So electricity meters first and then who knows when gas meters will be converted.Phase 1 (2019 –2020) – 250,000 meters upgraded. Initial smart services being turned on in Q4 2020. This will include services such as time-of-use tariffs, smart bills, access to historical consumption information, etc.
Phase 2 (2021 –2022) – 1million additional meters upgraded and the addition of smart prepayment (Smart PAYG) in Q4 2022.
Phase 3 (2023–2024) – 1 million additional meters upgraded and additional functionality will be made available by ESBN through a Home Area Network (HAN). This will allow consumers to access real-time data on their household energy usage via a device in their home. At this stage the costs and benefits of gas smart meters will be analysed by the CRU to determine their delivery.
Because there’s a big difference between technology existing to do something and it actually being widely deployed. So far, the economics just don’t stack up, mainly because there are so many meters. I was involved in this about 15 years ago: the technology existed even then, but it didn’t make sense, except in certain scenarios. There are three sets of costs: the cost of the meters with the capability, the cost of installing them and the cost of the network required to get the information from the meter. It’s only with 5G that mobile networks will be specifically designed for this kind of application. Then there’s the issue of power: apart from electricity meters where power can be “borrowed”, you need to power a smart gas or water meter: batteries have to be replaced periodically. The cost of smart meter rollout in the UK is about £11billion. That would pay for a lot of manual meter reading over an extended period, and certainly not anything any private company would take on.Why on earth do we still have people walking around the country taking gas and electricity meter readings? I'm sure the technology has existed for decades to automate that function. It seems to be a massive waste of money employing people to do it.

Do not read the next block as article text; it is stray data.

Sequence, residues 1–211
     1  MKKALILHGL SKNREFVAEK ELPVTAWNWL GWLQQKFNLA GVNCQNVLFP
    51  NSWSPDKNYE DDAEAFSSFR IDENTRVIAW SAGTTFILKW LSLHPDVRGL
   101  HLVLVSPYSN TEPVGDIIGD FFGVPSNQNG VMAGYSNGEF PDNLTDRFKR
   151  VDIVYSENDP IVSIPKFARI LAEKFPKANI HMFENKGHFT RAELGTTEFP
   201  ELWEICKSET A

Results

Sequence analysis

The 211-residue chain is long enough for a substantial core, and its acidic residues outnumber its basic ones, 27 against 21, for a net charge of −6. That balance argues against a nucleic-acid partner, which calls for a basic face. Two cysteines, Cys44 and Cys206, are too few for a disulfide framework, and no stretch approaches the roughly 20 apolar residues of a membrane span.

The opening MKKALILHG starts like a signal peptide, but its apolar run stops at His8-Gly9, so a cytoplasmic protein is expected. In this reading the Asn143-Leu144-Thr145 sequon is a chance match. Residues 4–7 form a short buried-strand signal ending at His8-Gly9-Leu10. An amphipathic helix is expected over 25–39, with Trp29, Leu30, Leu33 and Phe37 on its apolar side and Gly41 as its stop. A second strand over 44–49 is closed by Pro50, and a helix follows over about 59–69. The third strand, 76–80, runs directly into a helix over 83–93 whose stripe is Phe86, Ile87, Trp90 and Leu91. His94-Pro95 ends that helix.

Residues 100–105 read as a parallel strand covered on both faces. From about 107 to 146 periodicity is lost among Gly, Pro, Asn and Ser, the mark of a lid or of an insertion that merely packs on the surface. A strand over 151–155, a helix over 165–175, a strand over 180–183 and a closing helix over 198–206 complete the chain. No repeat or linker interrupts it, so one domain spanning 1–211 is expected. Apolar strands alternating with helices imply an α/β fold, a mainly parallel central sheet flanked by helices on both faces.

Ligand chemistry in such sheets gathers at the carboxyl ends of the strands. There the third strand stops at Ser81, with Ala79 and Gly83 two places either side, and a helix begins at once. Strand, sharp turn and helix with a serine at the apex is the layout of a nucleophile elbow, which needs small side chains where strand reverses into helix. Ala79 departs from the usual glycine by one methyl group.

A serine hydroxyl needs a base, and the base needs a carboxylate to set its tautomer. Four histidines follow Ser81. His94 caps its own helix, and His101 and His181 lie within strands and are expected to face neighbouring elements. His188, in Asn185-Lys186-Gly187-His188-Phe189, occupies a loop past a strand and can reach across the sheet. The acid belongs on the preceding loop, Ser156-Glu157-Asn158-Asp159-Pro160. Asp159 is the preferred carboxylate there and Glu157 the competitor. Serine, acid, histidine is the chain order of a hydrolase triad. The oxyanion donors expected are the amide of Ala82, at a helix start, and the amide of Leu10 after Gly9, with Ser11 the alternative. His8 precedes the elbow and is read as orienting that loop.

Hi mathepac,I can produce better more accurate estimates than the ESB when they miss meter readings.
Because I have my summer & winter readings (units used), I can accurately forecast my consumption per 61 day billing cycle (we get 6 ESB bills per year) in any year and produce the resulting invoices to within a euro or two of the actual bill. ESB in winter grossly underestimate consumption in my experience, sometimes by in excess of €100. The numbers they use for consumption figures on "estimated" bills seem to come from a random number generator!Am I missing something?